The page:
National Airlines expects to return to profitability by the end of this month, just four months after seeking Chapter 11 bankruptcy protection, from which it hopes to emerge within the year. The Las Vegas-based full-service carrier is already planning to add capacity and new routes.

National has debts in excess of $100 million and is still negotiating to reschedule payments to its principal creditors, including lessors Ansett Worldwide, Boullioun, International Lease Finance, Pembroke, Pegasus and Sunrock, plus manufacturers Boeing and Rolls-Royce. It hopes to agree lower lease rates in exchange for longer-term commitments than those of five to seven years in place.

Chief executive Michael Conway stresses that National has so far not resorted to "quick dip financing" and that "talks with creditors, lessors and critical vendors are progressing quite well". He is also upbeat about the improvement in the carrier's performance. "I would expect to finish March with a 70% load factor or better, which is about eight points higher than last year. Our bookings are at record levels," he says.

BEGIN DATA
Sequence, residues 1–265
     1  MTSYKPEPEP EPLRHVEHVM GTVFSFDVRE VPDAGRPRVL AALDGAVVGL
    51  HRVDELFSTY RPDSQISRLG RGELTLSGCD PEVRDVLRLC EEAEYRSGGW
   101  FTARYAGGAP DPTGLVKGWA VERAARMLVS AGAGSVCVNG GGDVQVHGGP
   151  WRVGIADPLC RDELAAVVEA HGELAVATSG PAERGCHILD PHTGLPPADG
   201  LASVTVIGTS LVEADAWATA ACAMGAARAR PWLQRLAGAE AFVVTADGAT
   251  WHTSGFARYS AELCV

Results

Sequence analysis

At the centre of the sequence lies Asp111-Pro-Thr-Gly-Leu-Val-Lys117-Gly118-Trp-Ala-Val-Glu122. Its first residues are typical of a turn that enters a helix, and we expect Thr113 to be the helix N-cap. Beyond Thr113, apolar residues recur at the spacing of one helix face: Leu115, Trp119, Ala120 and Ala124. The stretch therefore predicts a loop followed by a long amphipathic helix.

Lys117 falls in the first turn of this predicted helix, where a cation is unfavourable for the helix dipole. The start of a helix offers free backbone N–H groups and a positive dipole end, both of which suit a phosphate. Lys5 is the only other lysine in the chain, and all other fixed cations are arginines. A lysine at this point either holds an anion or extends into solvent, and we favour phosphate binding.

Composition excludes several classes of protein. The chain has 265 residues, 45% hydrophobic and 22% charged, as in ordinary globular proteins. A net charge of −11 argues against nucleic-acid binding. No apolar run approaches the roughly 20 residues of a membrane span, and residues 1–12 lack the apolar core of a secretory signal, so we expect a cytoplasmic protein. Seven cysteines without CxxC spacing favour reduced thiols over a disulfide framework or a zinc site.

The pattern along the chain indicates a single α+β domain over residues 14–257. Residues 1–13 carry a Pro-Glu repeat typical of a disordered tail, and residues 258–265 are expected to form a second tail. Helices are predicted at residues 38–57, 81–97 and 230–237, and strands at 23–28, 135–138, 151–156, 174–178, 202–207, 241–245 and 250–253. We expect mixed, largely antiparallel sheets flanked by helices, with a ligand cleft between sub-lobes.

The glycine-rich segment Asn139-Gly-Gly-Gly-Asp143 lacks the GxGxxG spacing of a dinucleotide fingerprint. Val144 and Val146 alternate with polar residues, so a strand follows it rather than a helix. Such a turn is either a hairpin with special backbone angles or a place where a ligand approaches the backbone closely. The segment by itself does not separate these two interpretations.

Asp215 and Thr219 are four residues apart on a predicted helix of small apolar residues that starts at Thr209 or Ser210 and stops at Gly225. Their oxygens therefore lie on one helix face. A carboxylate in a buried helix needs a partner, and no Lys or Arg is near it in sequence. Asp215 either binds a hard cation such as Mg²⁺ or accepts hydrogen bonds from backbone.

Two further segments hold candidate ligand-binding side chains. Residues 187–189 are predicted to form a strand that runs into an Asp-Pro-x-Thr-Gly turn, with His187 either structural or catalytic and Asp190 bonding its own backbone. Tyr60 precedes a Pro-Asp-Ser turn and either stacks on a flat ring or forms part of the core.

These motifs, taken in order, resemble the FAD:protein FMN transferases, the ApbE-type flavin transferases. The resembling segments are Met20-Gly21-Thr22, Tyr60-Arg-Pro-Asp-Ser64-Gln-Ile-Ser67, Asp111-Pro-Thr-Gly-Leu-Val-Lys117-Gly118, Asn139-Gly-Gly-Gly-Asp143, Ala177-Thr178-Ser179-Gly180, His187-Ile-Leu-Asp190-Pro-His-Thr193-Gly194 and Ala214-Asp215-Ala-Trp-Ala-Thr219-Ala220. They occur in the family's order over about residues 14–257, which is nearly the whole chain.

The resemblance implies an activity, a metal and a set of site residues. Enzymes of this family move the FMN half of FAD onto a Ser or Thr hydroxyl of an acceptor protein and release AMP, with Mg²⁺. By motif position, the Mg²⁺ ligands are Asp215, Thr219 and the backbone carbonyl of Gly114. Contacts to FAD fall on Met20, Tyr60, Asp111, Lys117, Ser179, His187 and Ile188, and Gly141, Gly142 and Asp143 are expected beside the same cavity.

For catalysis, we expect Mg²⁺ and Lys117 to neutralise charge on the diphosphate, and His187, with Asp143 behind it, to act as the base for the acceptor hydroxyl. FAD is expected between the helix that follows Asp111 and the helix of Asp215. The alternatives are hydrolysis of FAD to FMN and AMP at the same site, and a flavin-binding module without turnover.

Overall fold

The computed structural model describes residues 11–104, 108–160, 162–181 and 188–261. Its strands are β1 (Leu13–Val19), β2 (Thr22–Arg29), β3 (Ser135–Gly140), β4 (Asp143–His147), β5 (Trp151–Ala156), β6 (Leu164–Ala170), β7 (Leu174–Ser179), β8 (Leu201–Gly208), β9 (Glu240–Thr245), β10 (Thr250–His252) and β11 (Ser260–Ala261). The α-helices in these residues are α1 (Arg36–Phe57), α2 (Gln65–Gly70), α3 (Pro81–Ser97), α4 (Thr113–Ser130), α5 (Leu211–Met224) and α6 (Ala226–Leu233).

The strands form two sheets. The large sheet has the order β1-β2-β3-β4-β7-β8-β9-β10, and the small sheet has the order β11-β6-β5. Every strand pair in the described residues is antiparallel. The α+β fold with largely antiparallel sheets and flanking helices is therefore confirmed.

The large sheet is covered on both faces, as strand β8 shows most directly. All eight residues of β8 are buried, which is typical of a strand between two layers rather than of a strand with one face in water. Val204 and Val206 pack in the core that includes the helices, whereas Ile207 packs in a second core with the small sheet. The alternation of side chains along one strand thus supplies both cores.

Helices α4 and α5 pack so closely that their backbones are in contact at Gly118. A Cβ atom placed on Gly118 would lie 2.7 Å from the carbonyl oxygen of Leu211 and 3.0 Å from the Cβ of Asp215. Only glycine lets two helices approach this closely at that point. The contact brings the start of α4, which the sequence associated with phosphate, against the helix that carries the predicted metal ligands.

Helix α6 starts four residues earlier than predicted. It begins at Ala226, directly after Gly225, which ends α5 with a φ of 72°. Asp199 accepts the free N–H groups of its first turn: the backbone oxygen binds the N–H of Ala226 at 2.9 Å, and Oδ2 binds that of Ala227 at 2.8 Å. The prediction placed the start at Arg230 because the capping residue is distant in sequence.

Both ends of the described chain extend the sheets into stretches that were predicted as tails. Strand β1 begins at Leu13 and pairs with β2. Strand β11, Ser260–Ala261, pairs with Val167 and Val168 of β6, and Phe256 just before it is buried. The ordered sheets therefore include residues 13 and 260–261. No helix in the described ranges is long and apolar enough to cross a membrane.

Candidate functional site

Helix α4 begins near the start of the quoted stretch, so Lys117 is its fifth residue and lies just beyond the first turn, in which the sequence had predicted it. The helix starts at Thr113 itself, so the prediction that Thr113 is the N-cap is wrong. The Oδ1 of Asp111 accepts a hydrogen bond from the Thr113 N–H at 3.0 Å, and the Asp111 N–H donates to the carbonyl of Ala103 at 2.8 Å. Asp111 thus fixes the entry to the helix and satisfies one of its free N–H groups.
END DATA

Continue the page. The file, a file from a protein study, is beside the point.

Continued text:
National plans to add a used Boeing 757-200 to its fleet of 15 Rolls-Royce 211-535E4-powered aircraft in April, plus two more in the second half, allowing it to launch services to Seattle and Atlanta.

Prior to filing for Chapter 11, National had planned to take six 757s this year, including four new aircraft from General Electric Capital, and Conway forecast last May that it would be operating 40 by 2003. He now says the airline has "had to slow down growth a little bit", given current fuel prices and worries over the US economy.

National traces its financial difficulties to last September, when the start of Las Vegas' off-peak season coincided with a sharp fuel-price rise. Conway says he may hedge against future increases.

Source: Flight International